The transition to a networking infrastructure that is more secure yet roughly as dynamic as the current one will not be smooth. A decentralized and, more important, exuberantly anarchic Internet does not readily lend itself to collective action. But the danger is real and growing. We can act now to correct the vulnerabilities and ensure that those who wish to contribute to the global information grid can continue to do so without having to occupy the privileged perches of established firms or powerful governments, or conduct themselves outside the law.

Or we can wait for disaster to strike and, in the time it takes to replace today’s PCs with a 21st-century Mr. Coffee, lose the Internet as we know it.

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The Joys of DRM (or the RIAA Slitting Its Throat) [9:06 am]

From GRokLaw, a discussion of the ColdPlay DRM stink: More DRM Follies - The Coldplay Edition

Anyhow, I finally gave up. I was willing to pay money for Mozart; but I wanted to listen first, and I couldn’t. Now, no doubt my readers will find a place where I can listen, legally, and in fact, I hope they do. But the point is, I spent some time on this project, and I couldn’t find it. What should that tell the music industry? They keep shutting down and shutting down, until there is nothing left but their DRM nonsense, and no one in their right mind would agree to their terms, or at least I won’t, even if it means doing without music. I wonder if they have any idea how many people there are like me out here.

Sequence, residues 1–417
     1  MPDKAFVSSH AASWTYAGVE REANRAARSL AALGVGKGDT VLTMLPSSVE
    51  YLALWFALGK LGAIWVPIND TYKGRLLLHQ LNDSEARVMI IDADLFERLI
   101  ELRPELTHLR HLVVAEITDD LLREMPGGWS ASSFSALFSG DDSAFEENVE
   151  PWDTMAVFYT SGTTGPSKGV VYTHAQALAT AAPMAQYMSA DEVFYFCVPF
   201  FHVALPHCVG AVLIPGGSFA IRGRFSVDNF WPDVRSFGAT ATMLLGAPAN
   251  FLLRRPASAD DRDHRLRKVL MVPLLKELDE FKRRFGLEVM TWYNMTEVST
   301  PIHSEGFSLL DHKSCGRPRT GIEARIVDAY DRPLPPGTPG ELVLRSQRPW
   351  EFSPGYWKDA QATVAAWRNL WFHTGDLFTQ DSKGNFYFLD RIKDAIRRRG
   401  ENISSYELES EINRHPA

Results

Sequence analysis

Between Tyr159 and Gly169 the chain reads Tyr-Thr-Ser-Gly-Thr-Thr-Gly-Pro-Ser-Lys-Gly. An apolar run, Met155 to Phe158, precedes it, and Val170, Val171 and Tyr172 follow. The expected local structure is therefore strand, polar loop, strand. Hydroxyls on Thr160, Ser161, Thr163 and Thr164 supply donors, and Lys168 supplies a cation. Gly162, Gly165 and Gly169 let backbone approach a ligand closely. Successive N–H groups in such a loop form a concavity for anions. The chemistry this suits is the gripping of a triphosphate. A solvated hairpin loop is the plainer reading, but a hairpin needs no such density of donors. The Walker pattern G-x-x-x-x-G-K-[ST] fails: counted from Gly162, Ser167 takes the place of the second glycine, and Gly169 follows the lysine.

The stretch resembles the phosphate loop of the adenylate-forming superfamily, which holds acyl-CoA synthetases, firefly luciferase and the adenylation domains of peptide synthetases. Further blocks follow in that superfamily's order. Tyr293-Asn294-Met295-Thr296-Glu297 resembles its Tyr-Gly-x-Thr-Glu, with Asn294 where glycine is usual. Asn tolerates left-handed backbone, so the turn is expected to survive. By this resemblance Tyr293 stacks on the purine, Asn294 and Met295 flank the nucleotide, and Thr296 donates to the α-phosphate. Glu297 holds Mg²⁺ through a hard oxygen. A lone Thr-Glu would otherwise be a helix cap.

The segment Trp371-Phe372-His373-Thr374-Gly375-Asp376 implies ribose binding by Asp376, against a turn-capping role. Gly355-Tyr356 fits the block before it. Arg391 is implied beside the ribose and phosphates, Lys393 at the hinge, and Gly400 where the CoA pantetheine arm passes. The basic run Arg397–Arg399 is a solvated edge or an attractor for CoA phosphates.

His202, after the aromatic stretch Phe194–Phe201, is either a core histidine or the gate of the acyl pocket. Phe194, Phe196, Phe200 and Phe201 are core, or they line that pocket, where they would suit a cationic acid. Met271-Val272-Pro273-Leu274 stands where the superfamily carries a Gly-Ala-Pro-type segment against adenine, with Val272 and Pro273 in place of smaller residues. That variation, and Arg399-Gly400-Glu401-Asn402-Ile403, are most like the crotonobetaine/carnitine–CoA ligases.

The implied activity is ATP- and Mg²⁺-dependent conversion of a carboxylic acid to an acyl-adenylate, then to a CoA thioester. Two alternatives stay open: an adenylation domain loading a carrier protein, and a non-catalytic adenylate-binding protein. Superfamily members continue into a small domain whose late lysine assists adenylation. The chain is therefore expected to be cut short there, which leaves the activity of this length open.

Some are already bypassing the Coldplay DRM, by such astounding feats as holding down the shift key when loading the CD. There’s more to it than that, but if I tell you, the RIAA will have to kill me, maybe by throwing me into the RIAA moat with the man-eating crocodiles, if I explain or link to it, so you’ll just have to wonder. Or Google. Oops. They’ll probably sue Google now.

Others, who bought the Coldplay CD only to find out how little it can do, are now leaving enraged comments. I saw one from a man in Canada, who said that it’s driving his family to Napster, which tells you it’s an older person writing that, because he doesn’t know the new Napster is a hobbled version of the real thing, thanks to the music industry. But it does raise two questions: 1) does it make sense for the music industry to offer customers *less* than they can get from file-sharing? and 2) what *will* play Coldplay’s CD?

The answer is: Microsoft and only Microsoft. [....]